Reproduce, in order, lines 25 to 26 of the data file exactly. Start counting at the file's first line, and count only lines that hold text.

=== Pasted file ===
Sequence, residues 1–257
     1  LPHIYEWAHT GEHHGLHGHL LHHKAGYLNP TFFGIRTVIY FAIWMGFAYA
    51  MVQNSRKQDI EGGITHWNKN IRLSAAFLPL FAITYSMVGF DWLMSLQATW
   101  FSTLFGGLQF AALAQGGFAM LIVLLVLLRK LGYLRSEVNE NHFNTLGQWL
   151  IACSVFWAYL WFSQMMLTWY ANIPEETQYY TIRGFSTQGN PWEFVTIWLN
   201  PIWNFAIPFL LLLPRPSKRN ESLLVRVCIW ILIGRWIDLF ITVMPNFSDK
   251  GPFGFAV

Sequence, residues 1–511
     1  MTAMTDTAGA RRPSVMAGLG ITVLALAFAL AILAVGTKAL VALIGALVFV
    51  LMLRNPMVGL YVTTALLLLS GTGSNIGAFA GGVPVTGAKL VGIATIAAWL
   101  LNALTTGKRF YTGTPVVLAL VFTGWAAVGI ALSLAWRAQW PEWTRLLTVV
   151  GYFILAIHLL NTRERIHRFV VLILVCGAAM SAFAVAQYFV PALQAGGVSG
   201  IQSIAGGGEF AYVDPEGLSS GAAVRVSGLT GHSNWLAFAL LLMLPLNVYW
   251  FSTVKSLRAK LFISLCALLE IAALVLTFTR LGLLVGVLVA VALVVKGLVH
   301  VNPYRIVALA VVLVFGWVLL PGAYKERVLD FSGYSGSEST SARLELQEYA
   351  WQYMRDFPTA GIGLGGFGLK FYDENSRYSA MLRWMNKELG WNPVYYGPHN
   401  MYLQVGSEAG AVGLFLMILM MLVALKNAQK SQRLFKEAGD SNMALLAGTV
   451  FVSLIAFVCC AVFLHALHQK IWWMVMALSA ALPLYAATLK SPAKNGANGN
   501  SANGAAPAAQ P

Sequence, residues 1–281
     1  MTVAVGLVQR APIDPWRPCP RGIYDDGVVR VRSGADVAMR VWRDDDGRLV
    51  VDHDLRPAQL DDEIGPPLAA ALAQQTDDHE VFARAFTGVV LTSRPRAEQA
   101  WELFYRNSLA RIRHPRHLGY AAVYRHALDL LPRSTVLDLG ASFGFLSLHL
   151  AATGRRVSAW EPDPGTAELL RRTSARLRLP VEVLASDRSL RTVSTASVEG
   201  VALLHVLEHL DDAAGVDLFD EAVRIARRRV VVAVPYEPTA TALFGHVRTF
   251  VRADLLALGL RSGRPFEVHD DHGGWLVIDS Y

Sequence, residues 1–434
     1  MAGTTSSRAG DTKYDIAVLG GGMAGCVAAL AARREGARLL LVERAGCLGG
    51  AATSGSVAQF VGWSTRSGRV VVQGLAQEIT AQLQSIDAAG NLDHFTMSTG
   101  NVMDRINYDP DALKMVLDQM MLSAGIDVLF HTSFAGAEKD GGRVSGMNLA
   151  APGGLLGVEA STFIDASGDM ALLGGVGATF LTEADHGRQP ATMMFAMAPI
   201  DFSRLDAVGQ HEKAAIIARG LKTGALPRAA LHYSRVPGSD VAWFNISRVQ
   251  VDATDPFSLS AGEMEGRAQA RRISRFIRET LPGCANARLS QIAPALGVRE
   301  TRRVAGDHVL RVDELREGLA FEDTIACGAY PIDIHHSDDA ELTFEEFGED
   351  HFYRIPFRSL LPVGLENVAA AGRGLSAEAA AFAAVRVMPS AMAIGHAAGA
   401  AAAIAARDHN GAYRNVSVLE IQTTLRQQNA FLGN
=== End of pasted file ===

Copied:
   201  VALLHVLEHL DDAAGVDLFD EAVRIARRRV VVAVPYEPTA TALFGHVRTF
   251  VRADLLALGL RSGRPFEVHD DHGGWLVIDS Y